HSA funds don’t disappear at the end of each year like with an FSA; however, many with few medical needs discover money accumulating in their HSAs much faster than they are using it. Consider reducing your contributions to your HSA if your account has reached a comfortable amount and you know of better uses for your money.

Consider contributions to a 529 plan to fund your children’s/grandchildren’s education. 529 Plans allow for you to make contributions to a tax-free account that may be used to pay for qualifying secondary education expenses. (Investors should consider investment objectives, risks, charges and expenses associated with 529 plans before using them. Information about 529 plans is available in their issuers’ official statements.)

Remember that past performance may not indicate future results. Different types of investments involve varying degrees of risk, and there can be no assurance that the future performance of any specific investment, strategy, or product referenced directly or indirectly in this newsletter will be profitable, equal any corresponding historical performance level(s), be suitable for your portfolio or individual situation, or prove successful. You should not assume that any information contained in this newsletter serves as the receipt of personalized investment advice. If a reader has questions regarding the applicability of any specific issue discussed to their individual situation, they are encouraged to consult with a professional adviser.

This article was written by Advicent Solutions, an entity unrelated to Guidestream Financial, Inc.. The information contained in this article is not intended to be tax, investment, or legal advice, and it may not be relied on for the purpose of avoiding any tax penalties. Guidestream Financial, Inc. does not provide tax or legal advice. You are encouraged to consult with your tax advisor or attorney regarding specific tax issues. © 2014-2015 Advicent Solutions. All rights reserved.

HOW TO KNOW YOU’RE INVESTED IN THE RIGHT PORTFOLIO

From time to time we come across lists and articles on investing. And we’ve taken a few of the items we’ve seen over the years and written a little commentary based on how we serve you.

A year from now, you plan to own similar investments.

We believe ‘winning’ in the market begins with understanding ‘why’ you are allocated as you are.  Timing and changing strategies rarely produce the long term results investors need to fund their retirements.  Sticking with an allocation that is rebalanced and invested with purpose is the best way to ‘Win’ in retirement.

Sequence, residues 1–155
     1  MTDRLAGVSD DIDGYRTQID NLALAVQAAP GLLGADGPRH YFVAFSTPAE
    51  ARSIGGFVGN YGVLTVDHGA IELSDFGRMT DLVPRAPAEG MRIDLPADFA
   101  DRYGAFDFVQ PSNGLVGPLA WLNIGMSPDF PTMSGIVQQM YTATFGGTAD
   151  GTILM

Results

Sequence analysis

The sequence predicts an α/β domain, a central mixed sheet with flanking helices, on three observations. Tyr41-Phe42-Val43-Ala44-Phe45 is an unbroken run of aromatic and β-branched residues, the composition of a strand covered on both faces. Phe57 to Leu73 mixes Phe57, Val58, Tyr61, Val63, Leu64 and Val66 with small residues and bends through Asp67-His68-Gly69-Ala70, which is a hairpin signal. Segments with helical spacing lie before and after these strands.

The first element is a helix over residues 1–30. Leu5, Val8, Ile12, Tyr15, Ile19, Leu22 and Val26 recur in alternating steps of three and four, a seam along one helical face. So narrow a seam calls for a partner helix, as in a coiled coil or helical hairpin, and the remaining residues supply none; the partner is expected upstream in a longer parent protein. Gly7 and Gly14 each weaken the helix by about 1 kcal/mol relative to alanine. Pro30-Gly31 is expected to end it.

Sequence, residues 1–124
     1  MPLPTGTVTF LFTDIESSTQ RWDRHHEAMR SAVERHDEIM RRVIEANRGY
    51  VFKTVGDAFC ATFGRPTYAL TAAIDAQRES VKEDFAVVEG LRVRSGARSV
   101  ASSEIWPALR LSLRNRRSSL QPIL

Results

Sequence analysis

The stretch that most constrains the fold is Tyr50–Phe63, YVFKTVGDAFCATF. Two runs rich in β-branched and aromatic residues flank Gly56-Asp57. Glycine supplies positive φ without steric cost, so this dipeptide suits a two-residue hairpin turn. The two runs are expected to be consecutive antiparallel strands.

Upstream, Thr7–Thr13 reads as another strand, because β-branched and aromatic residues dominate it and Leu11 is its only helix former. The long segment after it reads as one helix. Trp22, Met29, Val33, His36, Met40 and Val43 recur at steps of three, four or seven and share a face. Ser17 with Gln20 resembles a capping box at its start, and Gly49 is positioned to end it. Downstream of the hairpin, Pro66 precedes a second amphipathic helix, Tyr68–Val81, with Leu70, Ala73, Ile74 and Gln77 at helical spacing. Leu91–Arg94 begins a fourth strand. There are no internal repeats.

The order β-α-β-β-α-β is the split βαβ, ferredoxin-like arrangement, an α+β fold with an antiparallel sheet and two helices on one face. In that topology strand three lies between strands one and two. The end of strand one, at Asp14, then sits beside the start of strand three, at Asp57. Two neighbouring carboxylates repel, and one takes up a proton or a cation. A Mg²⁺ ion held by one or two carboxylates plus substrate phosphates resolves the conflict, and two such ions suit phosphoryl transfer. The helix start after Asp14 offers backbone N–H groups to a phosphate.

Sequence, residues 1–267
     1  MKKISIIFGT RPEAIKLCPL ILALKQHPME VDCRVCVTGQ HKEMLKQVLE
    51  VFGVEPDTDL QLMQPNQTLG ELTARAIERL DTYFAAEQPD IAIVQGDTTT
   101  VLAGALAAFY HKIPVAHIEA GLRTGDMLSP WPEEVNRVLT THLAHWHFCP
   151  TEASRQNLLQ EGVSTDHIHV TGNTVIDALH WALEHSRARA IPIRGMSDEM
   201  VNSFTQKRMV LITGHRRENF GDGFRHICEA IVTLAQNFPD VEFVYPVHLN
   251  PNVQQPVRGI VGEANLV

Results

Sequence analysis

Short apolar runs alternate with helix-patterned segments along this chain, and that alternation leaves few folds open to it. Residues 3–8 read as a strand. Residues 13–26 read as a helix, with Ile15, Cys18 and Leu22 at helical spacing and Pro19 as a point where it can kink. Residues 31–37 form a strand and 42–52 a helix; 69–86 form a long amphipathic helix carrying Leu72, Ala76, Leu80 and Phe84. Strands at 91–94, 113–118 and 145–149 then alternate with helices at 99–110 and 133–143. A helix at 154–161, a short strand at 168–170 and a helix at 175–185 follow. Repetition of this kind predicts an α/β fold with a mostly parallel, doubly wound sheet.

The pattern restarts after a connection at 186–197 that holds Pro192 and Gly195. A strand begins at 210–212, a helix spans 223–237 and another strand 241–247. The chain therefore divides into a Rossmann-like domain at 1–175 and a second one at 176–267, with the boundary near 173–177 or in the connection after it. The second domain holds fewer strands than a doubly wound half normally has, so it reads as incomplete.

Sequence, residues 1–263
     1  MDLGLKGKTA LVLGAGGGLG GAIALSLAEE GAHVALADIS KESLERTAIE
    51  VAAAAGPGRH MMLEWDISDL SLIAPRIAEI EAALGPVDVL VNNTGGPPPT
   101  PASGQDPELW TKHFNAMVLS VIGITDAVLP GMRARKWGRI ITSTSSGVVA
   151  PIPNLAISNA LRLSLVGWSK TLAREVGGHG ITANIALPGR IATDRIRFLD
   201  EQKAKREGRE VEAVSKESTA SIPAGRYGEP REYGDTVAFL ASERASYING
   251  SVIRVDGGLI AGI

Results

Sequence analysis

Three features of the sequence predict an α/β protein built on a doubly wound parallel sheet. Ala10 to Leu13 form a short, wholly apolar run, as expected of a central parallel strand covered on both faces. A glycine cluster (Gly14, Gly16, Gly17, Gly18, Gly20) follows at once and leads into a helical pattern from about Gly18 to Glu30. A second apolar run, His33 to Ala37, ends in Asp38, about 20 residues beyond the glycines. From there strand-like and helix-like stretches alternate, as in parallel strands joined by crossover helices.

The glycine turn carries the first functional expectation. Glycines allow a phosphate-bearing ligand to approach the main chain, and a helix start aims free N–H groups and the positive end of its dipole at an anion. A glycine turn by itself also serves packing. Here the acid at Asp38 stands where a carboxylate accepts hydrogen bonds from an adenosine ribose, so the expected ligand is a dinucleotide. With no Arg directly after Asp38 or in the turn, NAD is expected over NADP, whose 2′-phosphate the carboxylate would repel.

You’re so well-diversified that you always own at least one disappointing investment.

This is probably one of the hardest lessons in investing and represents the value in diversification.  A properly diversified portfolio is always going to have some asset classes (i.e. investments) out of favor with others being the bright spots.  The key is to own them both since timing them consistently is impossible.

When the stock market is volatile, or even decreasing, you are not uncomfortable.

You realize that the stock market is volatile and the temporary declines of 14% inter-year and greater than 20% every 5 years are normal. That’s precisely why stocks return more over the long term than other less volatile investments.

For every dollar you’ve saved, you have an eventual use in mind — and you are invested accordingly.

Dollars that you have saved, but aren’t needed for many years in the future, should be invested accordingly.  The dollars needed soon should be in less volatile (i.e. lower return) investments.  However, don’t shortchange your resources the ability to outpace inflation when they are needed far into the future.

You can remember the last time you rebalanced.

Well, you might not be able to recall if you have, but the good news is that as a client of GuideStream Financial, you have your portfolio(s) rebalanced at least annually.  We help you stay true to your long term investment and retirement objectives.

You never say to yourself, “Wow, I didn’t expect that.”

This is our goal.  Through preparation and education, you understand that year to year, your portfolio will fluctuate depending on contributions, withdrawals and returns – but that in the end, you have a good working knowledge of how your cash flow will work over time.  We know you don’t like surprises and neither do we.  Some years, things may be fruitful and other years they may not be. What’s most important is that we both know the long term goals and that is where we focus.

We appreciate your continued trust and are honored to assist you on your stewardship journey. 

Contact us

We look forward to connecting with you

Keep in touch with us

Please use the following information to contact us. For security reasons, please do NOT send sensitive information such as account numbers, social security numbers, balances etc. through the website. 

Name: GuideStream Financial, Inc.
Phone: 800-325-8975
Fax: 517-750-2752
Address: 8050 Spring Arbor Rd., PO Box 580, Spring Arbor, Michigan 49283